|Publication number||US7628021 B2|
|Application number||US 11/450,400|
|Publication date||Dec 8, 2009|
|Priority date||Jun 12, 2006|
|Also published as||US20070283994, WO2007146787A2, WO2007146787A3|
|Publication number||11450400, 450400, US 7628021 B2, US 7628021B2, US-B2-7628021, US7628021 B2, US7628021B2|
|Inventors||Joe Wayne McPherson|
|Original Assignee||Texas Instruments Incorporated|
|Export Citation||BiBTeX, EndNote, RefMan|
|Patent Citations (9), Non-Patent Citations (2), Referenced by (3), Classifications (10), Legal Events (3)|
|External Links: USPTO, USPTO Assignment, Espacenet|
1. Field of the Invention
The subject matter of this invention relates to heat pumps. More particularly, the subject matter of this invention relates to solid state heat pumps.
2. Background of the Invention
Conventional heating and refrigeration systems employ heat pumps relying on the principle of gas compression, phase change, thermoelectric, geothermal, or vortex. Each of these heat pumps has its own strengths and weaknesses. Most common refrigeration systems use gas compression and phase change heat pumps that utilize chloro-fluoro carbon molecules (CFC) which are environmentally disfavored. Thermoelectric heat pumps are commonly used in semiconductor devices to cool large scale integrated circuits. Geothermal heat pumps are highly efficient, but the high initial cost of installation deters people from using them. Vortex heat pumps are powered by compressed gas and are highly reliable, but are less efficient compared to others. Thus, there is a need for an energy efficient heating and refrigerant system employing no liquids or compressors.
Accordingly, there is a need to overcome these and other problems of the prior art to provide a solid state heat pump that reduces the high energy cost associated with the prior art heating and refrigeration systems.
In accordance with the invention, there is a solid state heat pump. The solid state heat pump can include a power supply that provides an electric field, a first metal layer, a dielectric layer disposed over the first metal layer, wherein the dielectric layer absorbs a first amount of heat upon application of the electric field and releases a second amount of heat upon alteration of the electric field, and wherein the second amount of heat is greater than the first amount of heat, and a second metal layer disposed over the dielectric layer. The alteration of the electric field can be accomplished at least by one of reducing, removing, and/or reversing the polarity of the electric field. The solid state heat pump can also include a series resistor.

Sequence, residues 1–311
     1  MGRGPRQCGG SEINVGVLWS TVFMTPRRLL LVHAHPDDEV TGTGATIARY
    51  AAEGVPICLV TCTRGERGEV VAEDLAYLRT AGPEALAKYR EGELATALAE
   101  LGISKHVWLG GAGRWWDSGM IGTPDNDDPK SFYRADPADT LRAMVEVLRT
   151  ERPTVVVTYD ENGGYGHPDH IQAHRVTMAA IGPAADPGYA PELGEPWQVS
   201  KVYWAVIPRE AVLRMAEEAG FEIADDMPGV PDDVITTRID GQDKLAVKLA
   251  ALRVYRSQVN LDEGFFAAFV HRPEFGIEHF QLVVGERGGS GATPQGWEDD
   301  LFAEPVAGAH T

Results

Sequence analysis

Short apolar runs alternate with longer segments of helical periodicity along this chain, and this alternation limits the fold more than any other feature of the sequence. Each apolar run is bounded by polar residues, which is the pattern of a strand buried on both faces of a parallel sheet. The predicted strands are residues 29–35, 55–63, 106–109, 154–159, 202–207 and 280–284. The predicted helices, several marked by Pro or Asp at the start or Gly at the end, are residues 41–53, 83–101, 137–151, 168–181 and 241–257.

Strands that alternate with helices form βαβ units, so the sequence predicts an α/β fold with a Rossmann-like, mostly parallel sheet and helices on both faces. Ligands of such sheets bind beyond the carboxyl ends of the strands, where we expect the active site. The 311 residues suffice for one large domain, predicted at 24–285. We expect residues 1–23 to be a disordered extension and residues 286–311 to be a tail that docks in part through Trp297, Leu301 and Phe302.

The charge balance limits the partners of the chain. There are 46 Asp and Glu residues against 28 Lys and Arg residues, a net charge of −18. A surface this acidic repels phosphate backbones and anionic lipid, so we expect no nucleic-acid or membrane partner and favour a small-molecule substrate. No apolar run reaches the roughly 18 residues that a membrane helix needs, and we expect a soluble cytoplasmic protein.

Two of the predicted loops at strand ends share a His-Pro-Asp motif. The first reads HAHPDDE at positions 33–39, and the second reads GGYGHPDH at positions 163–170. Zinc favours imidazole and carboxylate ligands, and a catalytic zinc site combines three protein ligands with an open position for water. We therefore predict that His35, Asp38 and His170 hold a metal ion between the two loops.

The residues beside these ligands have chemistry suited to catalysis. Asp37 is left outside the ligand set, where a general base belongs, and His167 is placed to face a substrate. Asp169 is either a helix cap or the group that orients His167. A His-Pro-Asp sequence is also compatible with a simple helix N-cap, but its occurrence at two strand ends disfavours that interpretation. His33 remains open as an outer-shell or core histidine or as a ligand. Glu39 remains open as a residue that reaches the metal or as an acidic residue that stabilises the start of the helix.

According to another embodiment of the invention, there is a method of heating or cooling. The method of heating or cooling can include providing a solid state heat pump wherein the solid state heat pump includes a first metal layer, a dielectric layer over the first metal layer, a second metal layer over the dielectric layer, and a power supply. The method can also include applying a voltage so that the dielectric layer of the solid state heat pump absorbs heat from a heat source, whereby cooling the heat source. The method can also include at least one of reducing, removing, and/or reversing the polarity of the voltage, so that the dielectric layer of the solid state heat pump releases heat to a heat sink, whereby heating the heat sink, and wherein the heat released is greater than the heat absorbed. The method can also include providing a series resistor to the solid state heat pump.
According to yet another embodiment of the present invention, there is a method for transferring heat energy between two different temperatures. The method can include providing a heat source having a first temperature and a heat sink having a second temperature. The method can further include providing a solid state heat pump, wherein the solid state heat pump includes a capacitor and a power supply, wherein the capacitor includes a first conductive layer, a dielectric layer disposed over the first conductive layer, and a second conductive layer over the dielectric layer. The method can also include applying a voltage from the power supply to the capacitor whereby heat is absorbed by the capacitor from the heat source having a first temperature. The method can further include at least one of reducing, removing, and/or reversing the polarity of the voltage whereby heat is released by the capacitor to the heat sink having a second temperature, wherein the second temperature is greater than the first temperature. The method can also include providing a series resistor to the solid state heat pump.
Additional advantages of the embodiments will be set forth in part in the description which follows, and in part will be obvious from the description, or may be learned by practice of the invention. The advantages will be realized and attained by means of the elements and combinations particularly pointed out in the appended claims.